What We Can Learn From Champions

Champions of combat sports have fascinated me since I was about 3 years old. My Uncle Mike was in the professional wrestling circuit in the southeast, and even had a ring in his back yard. I don’t recall seeing him perform when I was that young, but remember thinking he was so brave for getting in the ring with those killers. Little me as “Mike’s Man” for a number of years, and I love my uncle still.

I continued watching pro wrestling, boxing and eventually kickboxing, but never participated in any of them. In November of 1994, my friend introduced me to the Ultimate Fighting Championship, and my entire outlook on fighting changed. Finally, martial artists of different disciplines would fight under a specific (and minimal) set of rules. Maybe we would finally learn which of the arts reigned supreme in combat sports. We did, but what “that” is continues to evolve as the competitors improve.

To me, the Ultimate Fighting Championship represents the most intense and purest form of competition on earth. I’ve said if you expect to retain and improve your relationship with your kids from a distance, you need to cultivate a champions mindset. Today I’d like to try to take you into the minds of some of the UFC’s greatest champions. Then, I hope to show you how developing a similar mindset gives you an incredible edge in a distance parenting situation.

 

The Champions

*Photos are not my property, but included under Fair Use.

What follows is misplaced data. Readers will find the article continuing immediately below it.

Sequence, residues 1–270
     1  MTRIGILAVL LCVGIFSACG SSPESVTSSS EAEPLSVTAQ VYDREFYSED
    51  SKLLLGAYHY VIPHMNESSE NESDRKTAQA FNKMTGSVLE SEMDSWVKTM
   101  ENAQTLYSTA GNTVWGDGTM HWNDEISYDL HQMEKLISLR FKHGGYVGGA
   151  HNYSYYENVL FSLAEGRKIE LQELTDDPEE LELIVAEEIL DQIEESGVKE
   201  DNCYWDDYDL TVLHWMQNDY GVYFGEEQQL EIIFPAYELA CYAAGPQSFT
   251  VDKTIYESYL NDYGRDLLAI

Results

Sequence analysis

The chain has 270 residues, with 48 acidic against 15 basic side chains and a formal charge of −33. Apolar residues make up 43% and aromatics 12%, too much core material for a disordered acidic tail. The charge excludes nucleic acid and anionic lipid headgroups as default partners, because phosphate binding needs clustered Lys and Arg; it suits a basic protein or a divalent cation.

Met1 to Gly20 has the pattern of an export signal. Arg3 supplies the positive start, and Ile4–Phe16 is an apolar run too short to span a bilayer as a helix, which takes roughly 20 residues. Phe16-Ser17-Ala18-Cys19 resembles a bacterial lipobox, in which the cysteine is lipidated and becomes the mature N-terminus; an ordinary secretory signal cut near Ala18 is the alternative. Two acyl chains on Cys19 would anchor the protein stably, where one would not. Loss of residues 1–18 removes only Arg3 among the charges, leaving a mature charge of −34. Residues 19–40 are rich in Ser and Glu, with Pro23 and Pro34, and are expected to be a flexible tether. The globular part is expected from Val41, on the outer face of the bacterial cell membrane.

Photo from UFC 205: McGregor vs. Alvarez at Madison Square Garden, NY. (WME-IMG)

“The Notorious” Conor McGregor – First simultaneous 2-weight world champion in UFC history (145lbs/155lbs)

This Irishman is, arguably, THE champion of champions in the sport of Mixed Martial Arts. While several other fighters in the UFC have won titles in two weight classes, none of them were champ of two weight classes at the same time. This isn’t to say others couldn’t do it (we’ll meet one or two of them later), but Conor was the first, and only so far. He is the biggest star the MMA (mixed martial arts) world has ever seen.

 

Photo from UFC 192: Cormier vs. Gustaffson (Zuffa, LLC)

Daniel “DC” Cormier – UFC Light Heavyweight Champion (205lbs) *former champion at Heavyeight; would be serious contender at HW today.

For some reason, the fans don’t seem to like DC that much. That’s cool. DC keeps winning anyway. US Olympian wrestler, NCAA Div 2 All-American, Strike Force Heavyweight Grand Prix Champion (206lbs-265lbs), now UFC LHW champion with only one loss to Jon “Bones” Jones in 20 professional fights. I’ll explain later why DC belongs here instead of the one man who defeated him.

 


(Zuffa, LLC)

Georges “Rush” St. Pierre – Former UFC Welterweight Champion (170lbs) *Fighting next for 185lb title after nearly 4 yrs off

GSP walked away from the sport in what many would say was the middle of his prime. 3+ years later, he’s back and will fight champion Michael Bisping for the UFC Middleweight Championship. GSP fought and beat the best in the welterweight division when the division was STACKED. He avenged his two championship losses in spectacular fashion, and is one of few names mentioned in the conversation about “best ever.”

 

Anderson “The Spider” Silva – Former UFC Middleweight Champion (185lbs)